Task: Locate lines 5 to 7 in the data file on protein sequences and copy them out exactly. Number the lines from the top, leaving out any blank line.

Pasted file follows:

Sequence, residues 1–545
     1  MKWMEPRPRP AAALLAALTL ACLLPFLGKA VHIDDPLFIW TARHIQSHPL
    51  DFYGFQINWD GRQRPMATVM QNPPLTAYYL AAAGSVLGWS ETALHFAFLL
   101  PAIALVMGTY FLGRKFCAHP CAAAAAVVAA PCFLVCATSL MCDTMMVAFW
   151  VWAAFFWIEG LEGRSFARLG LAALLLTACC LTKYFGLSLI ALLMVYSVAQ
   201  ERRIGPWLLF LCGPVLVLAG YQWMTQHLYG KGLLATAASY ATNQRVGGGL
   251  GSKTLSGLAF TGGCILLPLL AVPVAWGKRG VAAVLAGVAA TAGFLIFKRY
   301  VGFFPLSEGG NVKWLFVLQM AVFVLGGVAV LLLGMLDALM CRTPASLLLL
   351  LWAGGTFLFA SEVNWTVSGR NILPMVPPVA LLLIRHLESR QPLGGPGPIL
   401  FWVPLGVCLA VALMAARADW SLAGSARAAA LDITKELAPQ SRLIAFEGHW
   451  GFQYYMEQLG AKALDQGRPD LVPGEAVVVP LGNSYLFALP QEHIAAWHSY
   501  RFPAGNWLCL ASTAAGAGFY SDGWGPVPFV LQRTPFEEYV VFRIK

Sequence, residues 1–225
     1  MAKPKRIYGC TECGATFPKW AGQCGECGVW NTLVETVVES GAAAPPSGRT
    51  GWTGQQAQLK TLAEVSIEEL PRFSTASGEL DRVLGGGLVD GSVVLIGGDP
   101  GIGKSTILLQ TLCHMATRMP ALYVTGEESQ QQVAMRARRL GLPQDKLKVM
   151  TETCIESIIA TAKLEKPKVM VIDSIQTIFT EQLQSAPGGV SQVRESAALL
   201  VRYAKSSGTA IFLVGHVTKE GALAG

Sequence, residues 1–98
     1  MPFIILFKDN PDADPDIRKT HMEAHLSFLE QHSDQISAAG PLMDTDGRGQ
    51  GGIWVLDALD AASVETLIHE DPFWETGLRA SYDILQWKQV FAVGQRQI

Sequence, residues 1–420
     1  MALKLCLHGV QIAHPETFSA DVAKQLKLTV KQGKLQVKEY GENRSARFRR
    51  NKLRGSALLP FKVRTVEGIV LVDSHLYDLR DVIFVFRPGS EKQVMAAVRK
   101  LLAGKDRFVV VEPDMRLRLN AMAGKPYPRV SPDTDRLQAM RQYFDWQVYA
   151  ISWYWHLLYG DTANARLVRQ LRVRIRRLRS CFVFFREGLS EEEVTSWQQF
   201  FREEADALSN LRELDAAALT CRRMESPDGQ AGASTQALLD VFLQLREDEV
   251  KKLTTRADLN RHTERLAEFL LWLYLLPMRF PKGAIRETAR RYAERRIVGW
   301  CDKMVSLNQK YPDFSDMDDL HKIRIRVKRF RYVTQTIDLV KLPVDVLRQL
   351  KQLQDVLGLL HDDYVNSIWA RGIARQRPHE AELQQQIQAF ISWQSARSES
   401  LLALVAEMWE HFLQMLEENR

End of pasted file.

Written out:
   151  VWAAFFWIEG LEGRSFARLG LAALLLTACC LTKYFGLSLI ALLMVYSVAQ
   201  ERRIGPWLLF LCGPVLVLAG YQWMTQHLYG KGLLATAASY ATNQRVGGGL
   251  GSKTLSGLAF TGGCILLPLL AVPVAWGKRG VAAVLAGVAA TAGFLIFKRY